Endogenous Growth Theory

An economic concept challenging the exogenous growth theory.

Author: Christy Grimste
Christy Grimste
Christy Grimste
Real Estate | Investment Property Sales

Christy currently works as a senior associate for EdR Trust, a publicly traded multi-family REIT. Prior to joining EdR Trust, Christy works for CBRE in investment property sales. Before completing her MBA and breaking into finance, Christy founded and education startup in which she actively pursued for seven years and works as an internal auditor for the U.S. Department of State and CIA.

Christy has a Bachelor of Arts from the University of Maryland and a Master of Business Administrations from the University of London.

Reviewed By: David Bickerton
David Bickerton
David Bickerton
Asset Management | Financial Analysis

Previously a Portfolio Manager for MDH Investment Management, David has been with the firm for nearly a decade, serving as President since 2015. He has extensive experience in wealth management, investments and portfolio management.

David holds a BS from Miami University in Finance.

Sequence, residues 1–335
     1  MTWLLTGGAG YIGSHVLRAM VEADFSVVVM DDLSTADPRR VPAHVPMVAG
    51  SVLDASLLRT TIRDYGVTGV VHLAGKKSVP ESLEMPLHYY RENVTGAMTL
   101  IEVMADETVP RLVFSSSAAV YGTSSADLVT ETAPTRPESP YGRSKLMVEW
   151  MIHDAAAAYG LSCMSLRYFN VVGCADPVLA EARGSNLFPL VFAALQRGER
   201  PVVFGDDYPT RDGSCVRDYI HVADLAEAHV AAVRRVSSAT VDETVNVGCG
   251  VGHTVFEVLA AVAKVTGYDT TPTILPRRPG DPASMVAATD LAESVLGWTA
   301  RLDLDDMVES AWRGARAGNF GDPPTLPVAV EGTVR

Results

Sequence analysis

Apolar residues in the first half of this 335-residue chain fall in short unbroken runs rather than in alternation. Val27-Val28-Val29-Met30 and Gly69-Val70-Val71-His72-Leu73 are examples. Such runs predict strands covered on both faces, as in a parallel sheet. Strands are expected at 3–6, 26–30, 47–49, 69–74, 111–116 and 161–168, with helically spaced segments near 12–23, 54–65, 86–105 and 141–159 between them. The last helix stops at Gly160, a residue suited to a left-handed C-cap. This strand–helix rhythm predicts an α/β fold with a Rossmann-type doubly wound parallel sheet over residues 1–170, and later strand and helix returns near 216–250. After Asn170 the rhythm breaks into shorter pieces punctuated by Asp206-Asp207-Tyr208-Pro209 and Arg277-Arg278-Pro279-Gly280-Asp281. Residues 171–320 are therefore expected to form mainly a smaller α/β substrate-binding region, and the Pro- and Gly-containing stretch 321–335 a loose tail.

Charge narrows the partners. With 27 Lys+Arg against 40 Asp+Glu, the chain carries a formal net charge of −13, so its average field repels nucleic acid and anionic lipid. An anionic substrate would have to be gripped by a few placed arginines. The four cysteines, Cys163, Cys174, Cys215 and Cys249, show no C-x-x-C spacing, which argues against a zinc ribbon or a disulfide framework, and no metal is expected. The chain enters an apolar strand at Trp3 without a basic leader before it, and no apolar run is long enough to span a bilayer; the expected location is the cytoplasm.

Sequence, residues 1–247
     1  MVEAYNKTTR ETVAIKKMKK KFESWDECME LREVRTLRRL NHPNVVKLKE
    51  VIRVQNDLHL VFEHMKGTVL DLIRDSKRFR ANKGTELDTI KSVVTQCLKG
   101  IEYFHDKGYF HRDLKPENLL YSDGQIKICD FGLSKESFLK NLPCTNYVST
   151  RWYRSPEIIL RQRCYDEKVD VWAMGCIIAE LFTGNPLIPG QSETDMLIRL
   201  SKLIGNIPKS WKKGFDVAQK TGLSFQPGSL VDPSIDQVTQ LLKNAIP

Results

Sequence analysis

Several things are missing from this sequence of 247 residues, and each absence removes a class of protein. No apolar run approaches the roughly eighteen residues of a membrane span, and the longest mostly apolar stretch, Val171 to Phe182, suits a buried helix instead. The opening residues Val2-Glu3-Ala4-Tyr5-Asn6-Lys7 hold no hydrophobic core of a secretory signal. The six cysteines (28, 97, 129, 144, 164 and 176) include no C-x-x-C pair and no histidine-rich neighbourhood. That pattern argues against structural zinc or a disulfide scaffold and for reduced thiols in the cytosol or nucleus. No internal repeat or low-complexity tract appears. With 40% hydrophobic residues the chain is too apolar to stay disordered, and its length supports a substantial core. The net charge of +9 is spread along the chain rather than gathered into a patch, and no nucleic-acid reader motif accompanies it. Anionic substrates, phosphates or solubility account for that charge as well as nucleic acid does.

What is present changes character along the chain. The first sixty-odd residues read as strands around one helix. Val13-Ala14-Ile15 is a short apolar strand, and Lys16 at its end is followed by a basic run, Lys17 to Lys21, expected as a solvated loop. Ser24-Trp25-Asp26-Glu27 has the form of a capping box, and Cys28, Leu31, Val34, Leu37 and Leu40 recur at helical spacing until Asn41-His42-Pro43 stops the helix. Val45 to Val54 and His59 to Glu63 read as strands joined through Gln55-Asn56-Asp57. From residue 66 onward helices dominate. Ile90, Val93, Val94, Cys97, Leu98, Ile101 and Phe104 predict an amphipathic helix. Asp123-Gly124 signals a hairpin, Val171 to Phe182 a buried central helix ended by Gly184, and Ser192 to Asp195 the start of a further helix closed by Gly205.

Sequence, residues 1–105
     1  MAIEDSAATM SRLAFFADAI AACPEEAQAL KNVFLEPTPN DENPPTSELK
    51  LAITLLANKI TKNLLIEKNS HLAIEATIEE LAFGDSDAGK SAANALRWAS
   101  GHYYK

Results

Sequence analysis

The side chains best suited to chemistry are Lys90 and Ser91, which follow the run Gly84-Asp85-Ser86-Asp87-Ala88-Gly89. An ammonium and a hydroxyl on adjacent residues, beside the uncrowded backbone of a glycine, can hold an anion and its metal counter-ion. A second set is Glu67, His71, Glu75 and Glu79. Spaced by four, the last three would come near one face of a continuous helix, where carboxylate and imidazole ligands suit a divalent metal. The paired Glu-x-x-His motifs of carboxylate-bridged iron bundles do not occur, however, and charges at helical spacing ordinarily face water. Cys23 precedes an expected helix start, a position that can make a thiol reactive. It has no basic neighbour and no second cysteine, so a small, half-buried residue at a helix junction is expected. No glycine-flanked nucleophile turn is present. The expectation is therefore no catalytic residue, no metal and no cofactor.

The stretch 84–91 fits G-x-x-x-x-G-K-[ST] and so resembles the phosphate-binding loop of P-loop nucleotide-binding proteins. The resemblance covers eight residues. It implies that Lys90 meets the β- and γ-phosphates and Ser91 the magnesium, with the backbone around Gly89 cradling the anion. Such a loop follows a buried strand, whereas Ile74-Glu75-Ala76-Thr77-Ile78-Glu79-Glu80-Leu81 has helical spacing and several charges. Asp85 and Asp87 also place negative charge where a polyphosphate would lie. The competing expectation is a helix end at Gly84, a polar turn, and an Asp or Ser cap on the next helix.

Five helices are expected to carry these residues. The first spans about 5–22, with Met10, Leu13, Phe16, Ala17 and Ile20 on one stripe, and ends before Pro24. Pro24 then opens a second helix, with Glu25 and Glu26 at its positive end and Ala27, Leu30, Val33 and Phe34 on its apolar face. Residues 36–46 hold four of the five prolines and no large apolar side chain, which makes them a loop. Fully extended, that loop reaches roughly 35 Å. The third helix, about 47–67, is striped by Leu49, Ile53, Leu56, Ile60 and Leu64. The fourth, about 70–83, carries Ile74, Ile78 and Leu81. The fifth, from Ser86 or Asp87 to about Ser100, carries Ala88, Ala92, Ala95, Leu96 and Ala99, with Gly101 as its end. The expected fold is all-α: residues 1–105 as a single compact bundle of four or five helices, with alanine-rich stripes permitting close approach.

Last Updated:November 2, 2023

What is the Endogenous Growth Theory?

It is an economic concept challenging the exogenous growth theory(economic growth arising due to influences outside the economy) and firmly believing that economic growth is due to factors that are considered internal rather than external.

Internal processes such as technological advancement and innovative production will result in human capital enhancement, thus causing economic growth.

In contrast with Neoclassical Theories, endogenous growth theory believes that internal forces are drivers of economic growth rather than external forces. It facilitates building macroeconomic models to forecast economic growth from microeconomic foundations.

Under this theory, industries such as knowledge-based and technology play a crucial part as they help in the growth of human capital, which is the key driver of economic growth according to the theory.

To understand this theory, one needs to study how it contrasts with old-school growth theories. 

The neoclassical theories believed in specialization and advancement of technology for causing trade gains and helping growth rates to increase in the economy.